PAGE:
It happened in Denmark. It happened in Austria. It happened twice in Serbia. “Is your family from India?” One time I even got “I could’ve sworn you were a Paki.” It doesn’t bother me, it’s just a curious question that I haven’t really been asked before. Back in the States I’ve heard people say that some Caribbean Latin@s could pass for being Arabic, but Indian was new.
When asked these questions, I was always happy to talk about my family’s heritage. Both of my parents are Puerto Rican, and between them and my siblings, we come in all the colors of the ethnic rainbow. Some Latin@s have blond hair and blue eyes, while others have distinctly African features. The beauty of Latin American culture is that it is a mix of Indigenous, African, and European influence. I assume in Europe it would be easier to racially categorize those who fall along the extremities. However, for Latin@s with olive skin and African or indigenous facial features, the categorization gets a little trickier.
From the discussions I’ve had during the past few months, I’ve learned that the European racial lens is shaped largely by immigration from South Asia and the Muslim world, which includes Africa. With the exception of Spain, Latin Americans have not been an influential actor in Europe’s racial and immigrant history. Therefore in a European lens, I am seen as belonging to either the Roma or Southern Asia.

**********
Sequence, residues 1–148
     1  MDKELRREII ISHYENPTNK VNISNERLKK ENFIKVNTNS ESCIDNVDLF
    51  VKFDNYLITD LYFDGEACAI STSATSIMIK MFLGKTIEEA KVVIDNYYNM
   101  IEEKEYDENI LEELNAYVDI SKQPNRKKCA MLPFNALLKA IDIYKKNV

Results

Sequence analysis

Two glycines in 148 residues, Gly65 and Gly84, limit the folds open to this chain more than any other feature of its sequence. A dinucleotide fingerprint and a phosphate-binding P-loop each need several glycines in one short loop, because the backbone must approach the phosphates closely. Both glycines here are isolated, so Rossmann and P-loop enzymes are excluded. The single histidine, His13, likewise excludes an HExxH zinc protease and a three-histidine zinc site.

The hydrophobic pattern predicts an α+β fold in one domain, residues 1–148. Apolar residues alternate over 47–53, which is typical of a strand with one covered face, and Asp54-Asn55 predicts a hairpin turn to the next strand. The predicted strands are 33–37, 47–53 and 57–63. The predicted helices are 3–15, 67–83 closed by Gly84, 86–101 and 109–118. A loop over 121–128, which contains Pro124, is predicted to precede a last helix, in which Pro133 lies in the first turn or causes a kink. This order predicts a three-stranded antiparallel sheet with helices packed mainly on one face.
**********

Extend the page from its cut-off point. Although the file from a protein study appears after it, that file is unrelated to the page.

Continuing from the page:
One funny conversation I had about my ethnicity was with a recent acquaintance in Belgrade:
So, where are you from?
No, I knew that. I mean where are your parents from.
Come on man, I know you’re not reaaalllyyy American.
Except the thing is, whichever way you frame it, I am. My family has never been immigrants. Puerto Ricans are American citizens by birth, and it’s been a territory of the United States since 1898.
Learning about race is like taking a bar exam; you have to start all over every time you go somewhere new.